Rotational evolution of solar-like stars in clusters from pre-main sequence to main sequence: empirical results.
HERBST W. and MUNDT R.
Abstract (from CDS):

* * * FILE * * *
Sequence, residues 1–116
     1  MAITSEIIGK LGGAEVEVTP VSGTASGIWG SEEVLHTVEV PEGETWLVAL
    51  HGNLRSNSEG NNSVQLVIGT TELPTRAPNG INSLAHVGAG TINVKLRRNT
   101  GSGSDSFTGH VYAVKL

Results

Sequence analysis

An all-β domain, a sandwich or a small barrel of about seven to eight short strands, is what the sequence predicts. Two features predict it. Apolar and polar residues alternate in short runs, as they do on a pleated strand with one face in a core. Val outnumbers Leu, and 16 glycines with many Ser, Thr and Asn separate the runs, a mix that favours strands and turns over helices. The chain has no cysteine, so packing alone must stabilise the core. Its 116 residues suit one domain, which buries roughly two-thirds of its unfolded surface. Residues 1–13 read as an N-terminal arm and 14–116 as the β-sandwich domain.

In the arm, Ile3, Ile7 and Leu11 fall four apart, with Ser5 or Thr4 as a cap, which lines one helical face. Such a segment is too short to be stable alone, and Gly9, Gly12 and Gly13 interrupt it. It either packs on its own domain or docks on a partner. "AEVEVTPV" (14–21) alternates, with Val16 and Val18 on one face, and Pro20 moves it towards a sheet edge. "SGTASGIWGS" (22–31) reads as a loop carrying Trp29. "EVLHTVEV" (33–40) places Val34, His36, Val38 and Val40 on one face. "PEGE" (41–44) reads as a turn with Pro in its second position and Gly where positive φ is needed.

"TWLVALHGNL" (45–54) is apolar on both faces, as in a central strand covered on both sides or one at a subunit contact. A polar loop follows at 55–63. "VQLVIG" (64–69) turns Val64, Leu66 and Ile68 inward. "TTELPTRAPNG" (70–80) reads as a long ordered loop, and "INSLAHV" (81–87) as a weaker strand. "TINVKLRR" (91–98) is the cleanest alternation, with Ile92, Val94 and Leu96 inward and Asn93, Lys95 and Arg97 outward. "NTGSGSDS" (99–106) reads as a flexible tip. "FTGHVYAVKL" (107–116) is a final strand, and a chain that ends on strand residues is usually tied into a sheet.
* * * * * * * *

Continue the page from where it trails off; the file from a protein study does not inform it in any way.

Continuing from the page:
Rotation periods are now available for ∼500 pre-main-sequence (PMS) and recently arrived main-sequence stars of solar-like mass (0.4-1.2 M☉) in five nearby young clusters: the Orion Nebula cluster (ONC), NGC 2264, α Per, IC 2602, and the Pleiades. In combination with estimates of stellar radii these data allow us to construct distributions of surface angular momentum per unit mass at three different epochs: nominally, 1, 2, and 50 Myr. There are sufficient data that rotational evolution can now be discussed statistically on the basis of the evolution of these distributions, not just on the evolution of means or ranges, as has been necessary in the past. Our main result is illustrated in Figure 18 and may be summarized as follows: (1) 50%-60% of the stars on convective tracks in this mass range are released from any locking mechanism very early on and are free to conserve angular momentum throughout most of their PMS evolution, i.e., to spin up and account for the rapidly rotating young main-sequence stars; (2) the other 40%-50% lose substantial amounts of angular momentum during the first few million years and end up as slowly rotating main-sequence stars. The duration of the rapid angular momentum loss phase is ∼5-6 Myr, which is roughly consistent with the lifetimes of disks estimated from infrared surveys of young clusters. The rapid rotators of Orion age lose less than 10% of their (surface) specific angular momentum during the next 50 Myr, while the slow rotators lose about two-thirds of theirs. A detectable part of this loss occurs even during the ∼1 Myr interval between the ONC and NGC 2264. The data support the view that interaction between an accretion disk and star is the primary mechanism for evolving the broad, bimodal distribution of rotation rates seen for solar-like stars in the ONC into the even broader distributions seen in the young MS clusters.